Another blog boy used both the names “Durant” and “James” to laud Muhammed as “one of the best clutch shooters in college basketball.” Those 25-10 Bruins could have used some of Muhammed’s clutch gene in 2013.
Ben Simmons | LSU
Best since LeBron? This time around, not a terrible comparison, actually–and also, one that Jay Bilas sang to Dan Patrick. My rule of thumb is not to compare young basketball players to LeBron James, because, well, there isn’t another LeBron. Even if Simmons cranks his game another few gears to reach MVP-level, he won’t be cheered as “LeBron 2.0” He’ll be the first of his kind: Ben Simmons. And then folks will wonder who is the next Ben Simmons?
Among the crop we’ve assessed so far, Simmons easily backs up LeBron comparisons the best.
This is two-fold. Simmons is unquestionably the best player we’ve covered so far, a multi-time all-star, a 6-10 point guard with godly defensive fundamentals. He also plays the most like LeBron: like Magic Johnson before him, the pioneer of the point forward, LeBron’s career position and Simmons’ ideal one. All three are generational passers, run flawless fast-breaks and elevate their teammates while out-growing nearly everyone on the court. To move faster with the ball while being bigger than the opposition is a timeless advantage.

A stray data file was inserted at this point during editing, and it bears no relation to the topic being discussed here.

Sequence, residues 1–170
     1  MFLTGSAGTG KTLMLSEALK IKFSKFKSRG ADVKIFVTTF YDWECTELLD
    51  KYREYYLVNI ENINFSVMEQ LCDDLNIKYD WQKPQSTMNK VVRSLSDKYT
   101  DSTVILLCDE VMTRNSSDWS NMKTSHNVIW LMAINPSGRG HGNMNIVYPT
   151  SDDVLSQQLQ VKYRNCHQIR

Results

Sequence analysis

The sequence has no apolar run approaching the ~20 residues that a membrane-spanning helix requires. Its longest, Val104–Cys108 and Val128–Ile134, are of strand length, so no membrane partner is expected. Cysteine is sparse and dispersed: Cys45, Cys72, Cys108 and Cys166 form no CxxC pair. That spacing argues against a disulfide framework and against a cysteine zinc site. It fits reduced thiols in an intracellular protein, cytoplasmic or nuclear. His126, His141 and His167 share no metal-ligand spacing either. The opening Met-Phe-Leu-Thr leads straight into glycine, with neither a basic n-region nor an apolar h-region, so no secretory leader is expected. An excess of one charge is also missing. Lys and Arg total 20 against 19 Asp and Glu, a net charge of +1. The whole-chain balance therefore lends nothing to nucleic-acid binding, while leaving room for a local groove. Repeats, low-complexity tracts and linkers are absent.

Simmons isn’t quite LeBron (threes to Simmons are still like wasps to a kindergartener), but he’s the closest thing we’re gonna find in this batch.
Harry Giles | Duke